In the United States, the very rich earn a large share of the income, and are taxed at slightly higher rates than the general population. Here's the picture of shares of income and shares of the total tax burden:
Now, conservatives think the main problem in American public policy is that this system takes too much from the rich. So they want to paint it as soaking the high earners and coddling workers at the bottom. Thus you will see the endlessly circulated right-wing talking point that nearly half of all Americans pay no income taxes. Here, for instance, are Veronique de Rugy and Jason Fichtner:
The top earning 1% of Americans (or 1.4 million returns) paid 38% of taxes while the Americans at the lower half of the income spectrum (or 70.0 million returns) paid 2.7% of total federal personal income taxes.
According to the Tax Policy Center, this tax season, an estimated 45% of tax units will pay no federal income taxes. In 2009, federal non-income taxpayers were distributed throughout the earnings spectrum, with 26.3% of tax returns reporting less than $10,000 paying no income tax, 29.1% of those making between $10,000 and $20,000 paying no income tax; the remaining 44.6% of Americans not paying income taxes were distributed throughout all cash income levels.
How do they arrive at such a stunning conclusion? By combining two tricks. First, they focus entirely on the federal income tax, because most people will not understand this constitutes just one portion of the overall tax system. I'll let David Leonhardt explain the game of Three Card Monty that's being played here:
The 47 percent number is not wrong. The stimulus programs of the last two years — the first one signed by President George W. Bush, the second and larger one by President Obama — have increased the number of households that receive enough of a tax credit to wipe out their federal income tax liability.
But the modifiers here — federal and income — are important. Income taxes aren’t the only kind of federal taxes that people pay. There are also payroll taxes and investment taxes, among others. And, of course, people pay state and local taxes, too.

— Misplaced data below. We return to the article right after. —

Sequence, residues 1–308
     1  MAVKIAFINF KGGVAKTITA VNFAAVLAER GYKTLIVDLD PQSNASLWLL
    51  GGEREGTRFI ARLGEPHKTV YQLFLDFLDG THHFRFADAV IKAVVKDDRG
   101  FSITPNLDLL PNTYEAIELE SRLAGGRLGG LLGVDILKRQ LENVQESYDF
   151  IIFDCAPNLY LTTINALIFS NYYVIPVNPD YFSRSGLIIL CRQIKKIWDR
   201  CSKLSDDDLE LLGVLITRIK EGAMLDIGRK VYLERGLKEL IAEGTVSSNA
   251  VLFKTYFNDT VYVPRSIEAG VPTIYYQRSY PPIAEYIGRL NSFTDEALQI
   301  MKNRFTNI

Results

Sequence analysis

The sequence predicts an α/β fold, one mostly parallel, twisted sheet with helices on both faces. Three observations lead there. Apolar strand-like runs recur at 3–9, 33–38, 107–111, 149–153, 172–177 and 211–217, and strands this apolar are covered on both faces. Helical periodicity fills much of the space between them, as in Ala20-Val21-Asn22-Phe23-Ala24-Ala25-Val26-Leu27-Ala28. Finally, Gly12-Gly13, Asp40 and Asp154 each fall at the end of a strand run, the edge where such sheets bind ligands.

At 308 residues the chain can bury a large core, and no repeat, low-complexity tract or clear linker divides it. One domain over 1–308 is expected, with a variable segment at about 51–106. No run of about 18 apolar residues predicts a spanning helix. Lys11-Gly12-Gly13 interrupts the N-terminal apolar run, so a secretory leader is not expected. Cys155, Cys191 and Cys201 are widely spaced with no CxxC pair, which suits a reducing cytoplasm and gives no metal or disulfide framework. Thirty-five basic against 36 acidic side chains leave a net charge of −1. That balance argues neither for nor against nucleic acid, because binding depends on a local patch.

Even if the discussion is restricted to federal taxes (for which the statistics are better), a vast majority of households end up paying federal taxes. Congressional Budget Office data suggests that, at most, about 10 percent of all households pay no net federal taxes. The number 10 is obviously a lot smaller than 47.
The reason is that poor families generally pay more in payroll taxes than they receive through benefits like the Earned Income Tax Credit. It’s not just poor families for whom the payroll tax is a big deal, either. About three-quarters of all American households pay more in payroll taxes, which go toward Medicare and Social Security, than in income taxes.
Here's another way to put it. Americans pay different kinds of taxes to different entities. State and local taxes tend to be regressive. Payroll taxes, which fund Social Security and Medicare, are also regressive. To balance this out, we have a pretty progressive income tax. If you focus only on the income tax, it makes it look like the rich are getting screwed. But of course the income tax is just one element. And conservatives are working hard to make the tax code more regressive at every level of government.
The other trick is to describe the share of taxes paid by the rich in isolation. Wow, 1% paying 38% of the taxes! It sounds unfair. You intuitively think that 1% should be paying more like 1% of the taxes. But, of course, that number leaves out the proportion of the income earned by the rich. Indeed, as the rich earn a greater share of the income, their share of the tax burden rises as well. Conservatives in turn cite this fact to justify lower taxes on the rich.
It's pure propaganda, and what it lacks in quality it makes up in quantity. The right seems to have an unlimited number of talking heads, columnists, and pseudo-economists willing to peddle this nonsense.